From the Gardens Registrar: Wisconsin Pest Bulletin; Insecticidal Sprays; Jumping Worms; Woodchips; Workday This Sunday

Hello Gardeners,

WISCONSIN PEST BULLETIN – The State of Wisconsin Department of Agriculture, Trade, and Consumer Protection puts out a weekly Pest Bulletin during the growing season. While the information is primarily for farmers and commercial plant growers, it’s interesting to ordinary gardeners to see what insects are headed our way. You can find the bulletin at .You can also subscribe to it, and have it sent to your email every week. According to the latest issue, cucumber beetles are becoming active, and Colorado potato beetle eggs are close to hatching. Cucumber beetles attack, not only cucumbers, but also summer and winter squash, and melons. They primarily damage these vegetables by spreading bacterial wilt. So beware.

INSECTICIDAL SPRAYS – A gardener emailed me to ask what to do about holes in bean leaves, and mentioned he’d heard about spraying them with dish soap. I looked at various sites on the Internet, and found that some people do get good results battling insects with dish-washing detergent or liquid soap, although there are plenty of arguments about what does and doesn’t work, plus concerns about some of the ingredients in many soaps and detergents.
The safest and surest way of removing insect pests from your plants is hand-picking them. However, it’s time-consuming, and can be icky. You can buy insecticidal sprays, but of course if you garden at Eagle Heights or in the organic rows at University Houses, the sprays must be organic. Some websites provide specific recipes for making your own soap-based sprays, at much less cost – here’s a sample:  You should be careful about spraying your plants on very hot days – the soap could hurt them. Since these sprays are only used on the insects you’re trying to get rid of, they won’t hurt bees, which is important.

JUMPING WORMS – Jumping worms were first found in Wisconsin in 2013, and have been spreading. None of the earthworms in Wisconsin are actually native, but this type of worm is not only invasive, but destructive. There are definitely jumping worms at Eagle Heights Gardens. They are almost impossible to get rid of, once they appear. The only thing we can do is to try to keep them from spreading further. For this reason, please be very careful if you move a plant from your garden plot to your home garden, if you have one. Also, be careful when you get plants from friends. If you clean the soil from the roots of the plant before taking it away, you’ll probably get rid of the worm cocoons. Here’s an informational site at the State Department of Natural Resources:

WOOD CHIPS – Our gardeners have discovered the piles of wood chips at both gardens, and have been using them enthusiastically. This is good. Unfortunately, they’re all gone now. But yes, we will definitely get more. There isn’t a schedule for this – they’ll be delivered when UW Grounds cuts down more trees. We may have to wait a bit. But we will get more – probably lots more.

WORKDAY THIS WEEKEND – We will have a workday this Sunday morning, June 10, at Eagle Heights, from 8am – 11am. The task will be clearing weeds from the raspberries, blackberries, and blueberries. Be sure to bring garden gloves – thistles are involved. I’ll send out the doodle poll link separately.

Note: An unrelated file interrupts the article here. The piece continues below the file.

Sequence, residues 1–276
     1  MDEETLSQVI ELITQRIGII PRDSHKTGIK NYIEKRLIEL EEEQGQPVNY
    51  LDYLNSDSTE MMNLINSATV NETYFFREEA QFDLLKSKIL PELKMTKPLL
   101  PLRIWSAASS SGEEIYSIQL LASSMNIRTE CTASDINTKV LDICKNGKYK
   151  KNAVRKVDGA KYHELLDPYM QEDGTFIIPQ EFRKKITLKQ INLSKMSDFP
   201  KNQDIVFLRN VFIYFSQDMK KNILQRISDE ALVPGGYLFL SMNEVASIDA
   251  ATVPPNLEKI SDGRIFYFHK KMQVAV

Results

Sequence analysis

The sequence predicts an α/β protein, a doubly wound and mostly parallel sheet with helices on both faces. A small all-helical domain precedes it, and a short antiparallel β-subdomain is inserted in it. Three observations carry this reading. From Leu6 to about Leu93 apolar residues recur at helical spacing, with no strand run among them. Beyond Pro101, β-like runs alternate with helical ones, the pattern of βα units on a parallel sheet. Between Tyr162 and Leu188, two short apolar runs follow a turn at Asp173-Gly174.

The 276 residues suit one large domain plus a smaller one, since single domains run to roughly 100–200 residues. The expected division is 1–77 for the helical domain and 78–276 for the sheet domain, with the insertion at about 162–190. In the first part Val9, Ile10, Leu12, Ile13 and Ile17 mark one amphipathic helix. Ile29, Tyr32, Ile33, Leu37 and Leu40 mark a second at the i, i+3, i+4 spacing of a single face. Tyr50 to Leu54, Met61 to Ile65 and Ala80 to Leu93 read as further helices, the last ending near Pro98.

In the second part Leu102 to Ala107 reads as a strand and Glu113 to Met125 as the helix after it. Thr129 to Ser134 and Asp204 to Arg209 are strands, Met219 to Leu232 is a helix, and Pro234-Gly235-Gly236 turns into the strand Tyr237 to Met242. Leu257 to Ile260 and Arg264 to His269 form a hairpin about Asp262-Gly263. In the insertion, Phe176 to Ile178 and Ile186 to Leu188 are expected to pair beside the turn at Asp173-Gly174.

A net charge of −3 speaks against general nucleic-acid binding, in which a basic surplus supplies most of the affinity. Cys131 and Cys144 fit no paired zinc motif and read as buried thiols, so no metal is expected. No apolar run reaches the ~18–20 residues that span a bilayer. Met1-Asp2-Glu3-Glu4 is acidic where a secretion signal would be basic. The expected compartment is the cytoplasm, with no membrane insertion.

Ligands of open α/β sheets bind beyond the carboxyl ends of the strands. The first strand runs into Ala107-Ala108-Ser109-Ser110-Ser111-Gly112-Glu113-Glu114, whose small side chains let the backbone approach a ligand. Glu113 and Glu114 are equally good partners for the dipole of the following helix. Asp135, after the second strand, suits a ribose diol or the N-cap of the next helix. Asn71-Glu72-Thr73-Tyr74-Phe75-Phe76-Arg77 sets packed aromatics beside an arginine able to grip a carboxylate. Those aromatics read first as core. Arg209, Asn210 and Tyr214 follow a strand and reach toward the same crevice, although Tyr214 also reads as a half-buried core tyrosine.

Happy Gardening,  

Wednesday, May 30, 2018

From the Gardens Registrar: Plant Exchange June 3; Comfrey; Voles; Workday This Weekend

Hello Gardeners,

PLANT EXCHANGE JUNE 3 – On Sunday, June 3, starting at 10:00am, we will have an informal plant exchange at the Eagle Heights Garden, at the Arbor. If you have extra plants to share, or hope to pick up some plants you’re missing, stop in. Please note that the plants people bring have not been raised professionally, so keep an eye out for diseases. We’ll also have more free seeds for summer crops – summer and winter squash, pumpkins, cucumbers, and melons.

COMFREY – Comfrey is another widespread weed in our garden, and many gardeners struggle to get rid of it. If it’s taken over your garden, the only way to get rid of it is to dig it up, over and over again, until it’s finally all gone. It has big thick roots that go deep. But unlike the wire grass and thistles, it’s actually an attractive and useful plant. It will be blooming soon, with large beautiful blue/purple flowers. The plant is sometimes grown as a decorative perennial, and has uses in herbal medicine. But its greatest use for organic gardeners is as mulch and compost. Because the leaves are high in nitrogen and potassium, and they break down very quickly, you can cut them and use them as mulch around your plants. Or you can add them to a compost pile. Here’s a link to the ever-useful Wikipedia, with a good article on comfrey and a few pictures:

VOLES – One of the worst pests in our gardens is the vole. Voles are small mouse-like animals also known as meadow mice or field mice. They reproduce ferociously – one pair can produce as many as 100 offspring in a year. They eat insects and slugs, but unfortunately, they also eat just about every kind of plant. Fortunately, they have many natural predators, such as hawks, owls, and coyotes.  One of the best ways to deter them is to not give them habitat, by pulling your weeds and removing mulch from your garden. They don’t like feeding on bare ground – they prefer to be able to hide in vegetation. But many of us depend on mulch to protect our plants from weeds and reduce watering. (I’m not giving up my mulch.) Here are some other ideas about how to control them naturally: